Sometimes the feature attraction is not the star in the theater of travel experiences. In our recent visit to Big Bend National Park I’d have to say it was the entire cast of desert offerings that made the visit memorable.
It started with our accommodations. Choosing to stay just outside the park where there were more amenities, we had reservations in the Terlingua Nights Cabins. Situated in the desert dust, the little sleeping rooms were just that. We had electricity, a mini fridge and barely enough room to walk around the double bed in our pristine minimalist room. We shared the bathhouse and an outdoor living area with a fire pit with our cabin neighbors.
It was 93 degrees when we arrived, with a brisk wind sweeping through the grounds. By evening, it was comfortable to sit out on our porch to read. It felt like the desert.
The revitalized ghost town of Terlingua lay a few miles down the road. Driving over to search for dinner options, we surveyed some of the competing lodgings – tents, tepees, a pastel “Easter” motel and shacks dotted the dry countryside. Hardly your typical National Park tourist environs. We stumbled on a humble eating establishment and settled into the last two seats out on the shaded patio. The slow service suited the warm air and we lingered over our Tex-Mex meals while chatting with nearby diners.
The long bench on the porch of the Trading Company was reputed to be the place to watch the sunset play out on the distant mountains. I insisted we do just that.
We left our little cabin well before dawn in order to watch the sunrise in the park. We didn’t count on a rough dirt road to reach our chosen scenic location, and decided to detour on the paved but still-slow road. The Mule Ears rock formation materialized in time to stop for the sun’s arrival. Finally having light to see our environs, we took in the bluebonnets blooming on the roadside – uniquely tall and stringy, compared to their short, dense Hill Country cousins.
Our destination was Santa Elena Canyon. A short walk took us to the Rio Grande and a view of the entrance to the canyon. But the best part was the hike into the canyon. Crossing a narrow flow of water from a side stream, we followed a well-worn path with switchbacks up the edge of the canyon wall. The trail stretched back into the narrow canyon where we could appreciate the river’s handiwork in carving this deep crevice. Nearing the end of the trail, faint musical notes floated through the air. The pipe flute blended naturally with the environment, lending a mystical air to the experience.
Our second hike of the day was in the Chisos Mountain area in the center of the park. A three-mile walk through scrubby desert environs took us gradually down into the valley. We were at the beginning of the desert bloom, with plentiful wildflowers of all colors and cactus flowers just popping out. The easy path ended with clambering over boulders and hopping across slightly flowing mountain streams. But the end view was worth it – The Window provided an opening with a straight drop below and a narrow crevice beyond. A fierce wind whipped through that window, and I kept well away from the opening.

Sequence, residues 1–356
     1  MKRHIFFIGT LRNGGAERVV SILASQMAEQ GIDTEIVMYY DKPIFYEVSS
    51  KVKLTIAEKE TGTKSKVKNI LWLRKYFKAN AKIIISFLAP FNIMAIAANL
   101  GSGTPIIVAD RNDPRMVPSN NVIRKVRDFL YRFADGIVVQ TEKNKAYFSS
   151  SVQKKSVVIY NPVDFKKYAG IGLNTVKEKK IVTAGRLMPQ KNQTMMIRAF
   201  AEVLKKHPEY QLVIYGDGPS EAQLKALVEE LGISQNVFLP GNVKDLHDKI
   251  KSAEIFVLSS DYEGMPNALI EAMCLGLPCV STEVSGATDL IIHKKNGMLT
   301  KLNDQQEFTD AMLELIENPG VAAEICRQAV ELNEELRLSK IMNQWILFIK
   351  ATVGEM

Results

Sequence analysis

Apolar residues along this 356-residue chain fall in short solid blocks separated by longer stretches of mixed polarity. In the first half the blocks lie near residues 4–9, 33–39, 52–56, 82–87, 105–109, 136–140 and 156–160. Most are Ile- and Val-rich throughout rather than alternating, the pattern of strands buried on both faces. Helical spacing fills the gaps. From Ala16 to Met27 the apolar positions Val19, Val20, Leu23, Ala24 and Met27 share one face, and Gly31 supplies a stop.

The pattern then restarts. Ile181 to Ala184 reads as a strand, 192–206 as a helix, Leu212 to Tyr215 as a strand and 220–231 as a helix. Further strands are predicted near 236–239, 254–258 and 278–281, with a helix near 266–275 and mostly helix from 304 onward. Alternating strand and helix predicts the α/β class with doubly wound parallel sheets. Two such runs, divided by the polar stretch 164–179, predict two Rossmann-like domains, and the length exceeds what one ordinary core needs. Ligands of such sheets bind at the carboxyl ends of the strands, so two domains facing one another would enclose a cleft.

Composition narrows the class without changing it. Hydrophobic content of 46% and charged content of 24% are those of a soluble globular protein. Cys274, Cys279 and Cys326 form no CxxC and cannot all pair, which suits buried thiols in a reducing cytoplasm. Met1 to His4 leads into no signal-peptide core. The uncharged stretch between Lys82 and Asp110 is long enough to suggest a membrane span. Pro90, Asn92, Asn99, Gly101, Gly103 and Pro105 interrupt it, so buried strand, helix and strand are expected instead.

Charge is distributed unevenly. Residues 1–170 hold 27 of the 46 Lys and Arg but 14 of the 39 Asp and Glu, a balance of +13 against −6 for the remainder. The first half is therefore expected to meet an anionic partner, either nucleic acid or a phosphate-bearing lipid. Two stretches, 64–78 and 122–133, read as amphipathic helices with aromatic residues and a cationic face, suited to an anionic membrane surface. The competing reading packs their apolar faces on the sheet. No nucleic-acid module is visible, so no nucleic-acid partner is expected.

We experienced the extremes of the desert climate when the next day dawned cloudy, super windy and 46 degrees. In no hurry to rush out into the chill we headed back into Terlingua to Espresso Y Poco Mas. Geared for the desert heat, the eclectic café offered only outdoor seating. Settling ourselves at a well sheltered table, we were surprisingly comfortable and delighted with the breakfast tortillas. But we were thankful for our Minnesota clothes stashed in the car!
With low expectations we returned to the park under the cold cloud cover. But on our first hike, while scouring the environs for elusive birds (Rich) and wildflowers (Molly) the sun emerged. As the sky cleared, the temperature zoomed to a comfortable warmth.
Driving to Rio Grande Village at the far end of the park provided a constant panorama of its nature. We were surrounded by rolling desert land covered in bushy vegetation, surrounded by soaring rocky peaks and mesas. It was majestic in its own way, in sharp contrast to the dense forest and white capped mountains that define National Park in my northern mind. The wilderness experience is all relative. By the time we arrived, I regretted forgetting my swim suit to soak in the hot springs. It just didn’t enter my mind that morning. Instead, we walked the local nature trail where we watched nutria at play in the pond, and climbed to a view of the Rio Grande.
We capped our visit with dinner at the popular Starlight Theater restaurant. We lucked out that night, getting in without the normal 1.5 hour wait to take in the western décor among patrons clad in cowboy hats and listen to the local guitar playing singer.
I’ve decided on one word to describe the overall experience – Quirky. How often do you frequent a former ghost town? Consider a tiny sleeping cabin to be among the best of the lodgings? Hike in winter jacket, mittens and hat, and remove them all within an hour? Explore a narrow canyon and wide-open desert land? Big Bend with its Terlingua neighbor was all that and more.
Look hard enough and you’ll find it, beauty that is.:-) I’m reading letter of Flannery O’Connor whose lupus confined her world and who somehow found enough magic to write her amazing stories (dark though they be). She writes a great letter and apparently wrote thousands of them. And is wonderfully funny at narrating events and conversations with colorful neighbors.
Letter should be letters . . . the collection is weighty and wonderful.